Revive NSC 68|
June 16, 2017
Garry Kasparov moves pawn to C5, it’s the Sicilian Defense. He follows it up with C4, what’s this, an unconventional gambit? Now H6! Has the man gone insane?
The moves don’t coordinate, they aren’t consistent with acceptable strategy. He’s lost a pawn. His position is in shambles! Kasparov gets ripped apart.
This is what American foreign policy looks like now. The only country that could take America down is America itself, and that is exactly what is happening. Foreign policy since the Berlin Wall fell has been an unmitigated disaster.
The most visible failure was the Iraq War. The national security gains have been, at best, questionable, while the costs have included a large fortune, American lives, and prestige.
Simultaneously, the war on War on Al-Qaeda has stretched out indefinitely. It took an entire decade to kill Osama Bin Laden. Ayman al-Zawahiri -current leader of Al-Qaeda and planner of 9/11- still roams free planning more attacks.
US troops are still fighting in Central Asia, fifteen years later, and no one is exactly making the claim that Afghanistan has successfully been turned into a free Democracy reminiscent of Revolutionary America. As disastrous as policy has been on Islam related matters, it has been even worse dealing with the great powers of the world. The confused nature of American policy on Russia is self-evident. President Clinton wasn’t able to give the Russian billion dollar gifts fast enough. This friendship with Russia transitioned seamlessly to Hillary selling them American uranium. Now, however, Hillary says these same partners are preventing American Democracy with “unprecedented interference." Trump says relations with Russia are at an “all-time low."
Why is America giving money to Russia who then turns around and spits in the America peoples’ faces? What the hell is going on?
America has no strategy. Recent administrations have approached foreign policy as if each new incident precipitated the start of an entirely new game, with new rules, new players, and solutions to be worked out from nothingness.
Clinton’s administration explicitly said as much with their 1996 National Security Strategy, the very first sentence of the introduction is, “When this Administration assumed office, the United States and its allies faced a radically transformed security environment."
This mindset fundamentally misunderstands the game. Sometimes, Kasparov may encounter a surprising sacrifice, but that doesn’t mean that everything he knew about chess has been nullified. Strengths and weaknesses of the position continue flowing forward.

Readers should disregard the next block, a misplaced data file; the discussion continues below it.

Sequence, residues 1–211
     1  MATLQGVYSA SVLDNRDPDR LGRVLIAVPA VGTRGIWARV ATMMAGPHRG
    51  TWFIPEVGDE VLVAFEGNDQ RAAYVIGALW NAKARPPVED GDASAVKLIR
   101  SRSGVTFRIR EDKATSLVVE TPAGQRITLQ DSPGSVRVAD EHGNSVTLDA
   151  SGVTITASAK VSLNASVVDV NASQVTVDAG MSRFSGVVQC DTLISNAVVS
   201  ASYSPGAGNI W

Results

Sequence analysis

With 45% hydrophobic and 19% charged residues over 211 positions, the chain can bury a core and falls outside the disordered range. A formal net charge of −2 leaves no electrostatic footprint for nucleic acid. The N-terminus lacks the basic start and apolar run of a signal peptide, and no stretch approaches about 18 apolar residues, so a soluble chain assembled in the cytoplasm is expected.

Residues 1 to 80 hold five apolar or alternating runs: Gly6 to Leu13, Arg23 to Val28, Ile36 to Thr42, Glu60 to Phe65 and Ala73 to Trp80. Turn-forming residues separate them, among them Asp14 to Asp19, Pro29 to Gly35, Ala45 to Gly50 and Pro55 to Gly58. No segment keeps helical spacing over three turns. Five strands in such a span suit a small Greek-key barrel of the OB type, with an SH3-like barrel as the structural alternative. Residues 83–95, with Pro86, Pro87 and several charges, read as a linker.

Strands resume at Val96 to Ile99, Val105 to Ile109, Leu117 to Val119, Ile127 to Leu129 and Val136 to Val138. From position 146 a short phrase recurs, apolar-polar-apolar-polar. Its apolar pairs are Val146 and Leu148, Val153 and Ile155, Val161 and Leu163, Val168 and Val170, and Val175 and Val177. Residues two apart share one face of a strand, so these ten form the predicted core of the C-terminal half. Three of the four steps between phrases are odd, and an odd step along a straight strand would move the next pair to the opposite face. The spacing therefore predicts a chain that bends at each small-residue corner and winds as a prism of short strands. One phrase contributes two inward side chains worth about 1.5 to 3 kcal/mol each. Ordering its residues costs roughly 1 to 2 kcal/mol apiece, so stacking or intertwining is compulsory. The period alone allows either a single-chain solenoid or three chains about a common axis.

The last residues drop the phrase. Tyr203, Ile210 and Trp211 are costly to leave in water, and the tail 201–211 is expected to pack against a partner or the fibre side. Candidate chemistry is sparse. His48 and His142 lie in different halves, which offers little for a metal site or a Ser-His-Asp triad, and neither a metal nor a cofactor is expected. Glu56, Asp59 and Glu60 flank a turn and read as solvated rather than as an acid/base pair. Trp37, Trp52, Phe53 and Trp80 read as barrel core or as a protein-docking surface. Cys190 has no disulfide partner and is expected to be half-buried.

The suggestion that the situation has “radically changed” is a confusion between the idea of strategy and tactics. Perhaps the tactics America faces or must implement are changing. However, more importantly, strategy is based on a country’s core values and goals, these change slowly, or not at all.
Part of the culprit is that America is a free society based on elections. Policy, hopefully, is based on great input from citizens and thus, by nature, open and changing. By contrast, Al-Qaeda, Russia, and China can implement secret, criminal machiavellian, brilliant policies, behind closed doors, and push them indefinitely.
One must hope a compromise can be reached between America’s Republican nature and a sound foreign policy. Thankfully, this is more or less how foreign policy worked from 1950, when the National Security Council (NSC) developed NSC-68, until the Kremlin announced Communism was dead. America faced everything from the peaceful transfer of power between Democrats and Republicans, to an impeachment and assassination, with tranquility, implementing the same policy, more or less.
NSC-68 is most famously known as the policy of “containment,” and it kicked serious Communist butt. It corresponded to a forty year period of peace, prosperity, and freedom, for much of the world, without precipitating a hot war between the global powers.
President Trump can revive containment.
There has been an assumption that once Gorbachev left power, it was time to ditch the foundation of American foreign policy for decades. But NSC-68 wasn’t a tactical playbook of how to take out the Soviets. It was more than that, it was a “general reexamination of this country’s strategic plans and its objectives in peace and war.”